The central bank, the FED in our illustration, may attempt to alter interest rates, at least in the short term, by conducting open market operations. Conventional thought holds that when the FED thinks it necessary to lower interest rates, perhaps to stimulate the economy, the FED purchases debt [usually sovereign debt but not necessarily so] held by dealers. The FED pays for the purchase by writing a check on itself and transferring it to the dealer. The dealer then deposits the proceeds in its checking account with a commercial bank, say Citibank. This open market operation increases the banks' value of customer checking accounts and increases its reserves held by the FED. The consequence is an increase in the quantity of money available to be lent by commercial banks. Like any other commodity an increase in supply leads to a reduction in its price. The price of the money is the interest rate; hence interest rates fall.
Assume that the FED purchases 10 million of debt. Assume further that Citibank, the depository institution that has received the proceeds from the dealer, deposits these funds in its account with the FED. The bank's reserves have increased by 10 million and its liabilities have increased by 10 million. If the conventional theory is correct, Citibank holds more reserves than it needs. Applying the ten percent rule, Citibank may create an additional 90 million in money through the lending process.
By contrast, if the FED wants to reduce the supply of money, the FED sells debt to dealers in the private sector. The FED may undertake such an action to constrain inflation in a hot economy. In effect, the sale of debt raises the price of money, that is short term interest rates. Whether this explanation of the combined activity of a central bank and commercial banks is an accurate portrait is subject to question as explained in the textbook.
The Federal Funds Rate
The Federal Funds Rate is the price of money that commercial banks lend their reserves overnight. The rate is negotiated by lenders and borrowers. The weighted average is the Federal Funds Rate. Commercial banks that have excess reserves lend to commercial banks that require reserves. The FFR is influenced by open market operations as explained above. As of November 2021, the Federal Funds Rate was 0.08%. See the Federal Funds Effective Rate.
The Central Bank Balance Sheet
Preliminary Note: The summary is based on the Bank of England Report entitled "Understanding the central bank balance sheet". Central banks and their operations are shrouded in mystery. This summary attempts to shed light. "According to the American writer Joyce Carol Oates, the only people who claim that money is not important are people who have sufficient money that they are relieved of the ugly burden to think about it". (Deane and Pringle 1994) Unless otherwise indicated, quotations in the text refer to the Bank of England report.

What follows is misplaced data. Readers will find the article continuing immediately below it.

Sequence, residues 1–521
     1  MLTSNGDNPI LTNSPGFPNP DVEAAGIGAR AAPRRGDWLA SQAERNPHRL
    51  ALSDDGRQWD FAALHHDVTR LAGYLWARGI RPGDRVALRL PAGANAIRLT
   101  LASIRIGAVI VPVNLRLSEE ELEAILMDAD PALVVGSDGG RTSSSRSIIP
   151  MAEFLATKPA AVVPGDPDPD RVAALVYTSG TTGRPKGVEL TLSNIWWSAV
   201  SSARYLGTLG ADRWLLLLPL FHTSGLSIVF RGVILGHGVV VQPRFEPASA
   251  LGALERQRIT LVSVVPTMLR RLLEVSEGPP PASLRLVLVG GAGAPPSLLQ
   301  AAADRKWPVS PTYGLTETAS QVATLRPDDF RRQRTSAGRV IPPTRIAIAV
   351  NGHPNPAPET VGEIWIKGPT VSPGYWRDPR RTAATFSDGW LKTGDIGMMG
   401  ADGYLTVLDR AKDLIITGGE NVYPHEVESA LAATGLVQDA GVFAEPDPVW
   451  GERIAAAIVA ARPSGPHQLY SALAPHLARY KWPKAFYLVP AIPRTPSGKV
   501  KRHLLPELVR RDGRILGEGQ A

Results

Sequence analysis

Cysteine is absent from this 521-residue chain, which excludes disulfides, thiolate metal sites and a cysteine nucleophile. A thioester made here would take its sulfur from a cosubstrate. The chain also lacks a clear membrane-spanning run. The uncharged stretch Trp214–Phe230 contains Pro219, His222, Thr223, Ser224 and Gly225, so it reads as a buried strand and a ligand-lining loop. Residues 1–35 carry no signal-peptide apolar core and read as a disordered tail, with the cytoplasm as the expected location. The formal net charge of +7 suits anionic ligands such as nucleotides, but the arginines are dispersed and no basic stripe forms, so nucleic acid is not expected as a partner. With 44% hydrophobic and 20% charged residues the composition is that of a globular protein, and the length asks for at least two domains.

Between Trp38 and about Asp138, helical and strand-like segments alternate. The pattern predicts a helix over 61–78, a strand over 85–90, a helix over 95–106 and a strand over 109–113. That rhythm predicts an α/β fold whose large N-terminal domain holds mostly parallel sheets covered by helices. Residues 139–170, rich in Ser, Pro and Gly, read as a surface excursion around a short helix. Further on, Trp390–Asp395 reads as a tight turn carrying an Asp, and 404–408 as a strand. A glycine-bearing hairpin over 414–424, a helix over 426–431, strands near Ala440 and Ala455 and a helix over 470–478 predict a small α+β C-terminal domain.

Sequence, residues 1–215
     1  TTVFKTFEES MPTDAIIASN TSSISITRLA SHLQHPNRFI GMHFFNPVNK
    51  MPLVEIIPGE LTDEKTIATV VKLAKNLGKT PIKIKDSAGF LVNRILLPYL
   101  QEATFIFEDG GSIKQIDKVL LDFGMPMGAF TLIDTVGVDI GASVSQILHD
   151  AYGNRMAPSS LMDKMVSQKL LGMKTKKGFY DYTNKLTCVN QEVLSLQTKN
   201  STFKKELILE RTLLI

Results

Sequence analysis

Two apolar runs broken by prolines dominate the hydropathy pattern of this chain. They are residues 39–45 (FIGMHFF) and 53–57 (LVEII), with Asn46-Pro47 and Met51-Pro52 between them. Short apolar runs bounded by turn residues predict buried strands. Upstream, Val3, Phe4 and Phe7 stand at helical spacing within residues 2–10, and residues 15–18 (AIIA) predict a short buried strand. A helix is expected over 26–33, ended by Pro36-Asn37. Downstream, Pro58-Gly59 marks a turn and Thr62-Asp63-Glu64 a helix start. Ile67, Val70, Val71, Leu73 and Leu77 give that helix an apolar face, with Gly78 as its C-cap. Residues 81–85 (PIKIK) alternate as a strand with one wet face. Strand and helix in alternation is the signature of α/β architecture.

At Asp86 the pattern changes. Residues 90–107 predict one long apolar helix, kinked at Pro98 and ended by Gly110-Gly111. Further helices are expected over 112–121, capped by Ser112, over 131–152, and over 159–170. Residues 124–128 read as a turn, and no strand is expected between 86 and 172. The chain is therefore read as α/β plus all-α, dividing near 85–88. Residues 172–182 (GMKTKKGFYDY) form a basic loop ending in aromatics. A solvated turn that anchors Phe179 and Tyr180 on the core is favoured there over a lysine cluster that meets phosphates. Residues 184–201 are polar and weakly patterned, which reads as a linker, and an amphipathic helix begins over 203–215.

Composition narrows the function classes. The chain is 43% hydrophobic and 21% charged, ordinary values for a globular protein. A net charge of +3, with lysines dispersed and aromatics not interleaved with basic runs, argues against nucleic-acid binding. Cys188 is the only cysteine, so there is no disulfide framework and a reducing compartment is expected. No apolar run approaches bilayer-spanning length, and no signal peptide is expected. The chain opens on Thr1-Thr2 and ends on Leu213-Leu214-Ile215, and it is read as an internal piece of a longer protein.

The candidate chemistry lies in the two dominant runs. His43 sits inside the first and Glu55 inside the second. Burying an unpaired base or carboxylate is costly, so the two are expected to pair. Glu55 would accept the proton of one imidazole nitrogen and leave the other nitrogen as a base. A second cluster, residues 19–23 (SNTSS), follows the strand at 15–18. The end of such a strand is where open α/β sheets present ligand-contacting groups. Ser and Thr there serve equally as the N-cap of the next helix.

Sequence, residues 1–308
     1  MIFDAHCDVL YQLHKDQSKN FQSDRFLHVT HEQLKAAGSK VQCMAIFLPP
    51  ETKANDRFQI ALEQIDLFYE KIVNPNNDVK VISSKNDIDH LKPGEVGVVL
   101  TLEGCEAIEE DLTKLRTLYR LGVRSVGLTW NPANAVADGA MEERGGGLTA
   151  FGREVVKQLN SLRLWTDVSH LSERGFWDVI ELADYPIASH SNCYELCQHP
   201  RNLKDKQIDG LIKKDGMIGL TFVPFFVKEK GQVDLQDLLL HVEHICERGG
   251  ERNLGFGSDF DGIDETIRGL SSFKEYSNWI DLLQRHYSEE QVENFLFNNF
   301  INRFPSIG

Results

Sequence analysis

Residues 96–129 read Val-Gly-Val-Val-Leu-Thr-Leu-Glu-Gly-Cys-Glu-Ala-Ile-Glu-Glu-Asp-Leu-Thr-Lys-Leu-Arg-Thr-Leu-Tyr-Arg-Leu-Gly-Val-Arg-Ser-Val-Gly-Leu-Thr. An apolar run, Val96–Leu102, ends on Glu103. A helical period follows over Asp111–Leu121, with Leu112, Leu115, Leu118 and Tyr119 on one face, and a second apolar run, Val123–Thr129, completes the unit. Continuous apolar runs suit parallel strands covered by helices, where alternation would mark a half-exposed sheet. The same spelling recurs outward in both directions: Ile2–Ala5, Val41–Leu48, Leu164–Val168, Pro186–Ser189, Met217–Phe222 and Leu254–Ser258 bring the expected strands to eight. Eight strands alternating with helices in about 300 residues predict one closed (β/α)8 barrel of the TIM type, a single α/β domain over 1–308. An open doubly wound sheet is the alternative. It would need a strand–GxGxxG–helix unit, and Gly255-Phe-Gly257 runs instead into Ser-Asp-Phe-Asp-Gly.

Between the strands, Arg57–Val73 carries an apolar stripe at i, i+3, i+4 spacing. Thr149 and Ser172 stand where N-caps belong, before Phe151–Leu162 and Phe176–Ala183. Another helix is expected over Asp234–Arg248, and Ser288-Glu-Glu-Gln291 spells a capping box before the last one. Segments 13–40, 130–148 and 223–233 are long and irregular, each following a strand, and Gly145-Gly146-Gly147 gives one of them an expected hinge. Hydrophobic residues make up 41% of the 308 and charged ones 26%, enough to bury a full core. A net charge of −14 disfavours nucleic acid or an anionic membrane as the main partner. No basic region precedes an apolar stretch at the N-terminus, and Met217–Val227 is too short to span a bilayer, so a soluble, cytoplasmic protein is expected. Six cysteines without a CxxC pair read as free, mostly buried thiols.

"A central bank is a state institution that usually has the power to regulate commercial banks, create monetary policy, and provide financial services. They help stabilise the currency of the nation, prevent inflation, and keep unemployment low". A central bank also is the institution that has the legal authority to issue currency - physical notes and coin.
The oldest and longest running central bank in the world is the Riksbank of Sweden. In 1668, the Swedish parliament, comprising four estates, established the Bank of the Estates and of the Realm after its predecessor Stockholms Banco had failed. Noteworthy is the fourth estate - the peasants who made up 80% of Sweden's population - had no say in the matter. The Swedish central bank, like many others to follow, was established with one purpose: the insatiable appetite for war. The "Estates Bank" served the Crown and engaged in the provision of loans to the government. The Riksbank evolved as a commercial bank with the government as its biggest customer. In 1688, the Bank of England was created explicitly to finance the Nine Years' War with France. But these matters digress from the present discussion.
A "balance sheet" is a financial statement depicting the financial position of an entity on a particular date. A balance sheet, the result of double-entry bookkeeping, consists of assets, liabilities and shareholder equity. Assets equal liabilities plus shareholder equity. A central bank is an atypical entity. When a central bank "issues currency, conducts foreign exchange operations, invests its funds, engages in emergency liquidity assistance, and ... conducts monetary policy operations", these operations affect its balance sheet thereby requiring an understanding of the balance sheet.
Means of Settlement
According to the Bank of England, money is an IOU "allowing agents to settle transactions". "Money" is recorded on the central bank's balance sheet as a liability. The latter comprises physical bank notes and commercial bank deposits held by the central bank called reserves. Settling transactions in banknotes is easy requiring physical transfer among agents. Physical notes, however, do not make up the majority of money. "Instead commercial bank deposits for the majority of money". These deposits are held by economic agents, such as firms and individuals, at commercial banks. In this instance, "settlement" takes place by transferring funds from one deposit account to another deposit account. The central bank enters the picture when "settlement" involves more than a single commercial bank.
In the latter case, the common currency involved in the settlement is the commercial bank reserves held on account at the central bank. These reserves move across the balance sheet of the central bank; one commercial bank's account is debited while another commercial bank's current account is credited. The interbank market assures that no commercial bank will overdraw its account with the central bank. The latter provides a mechanism of settlement for commercial banks arising from activity generated by customers of the commercial banks. Note that settlement may be deferred and not in real time.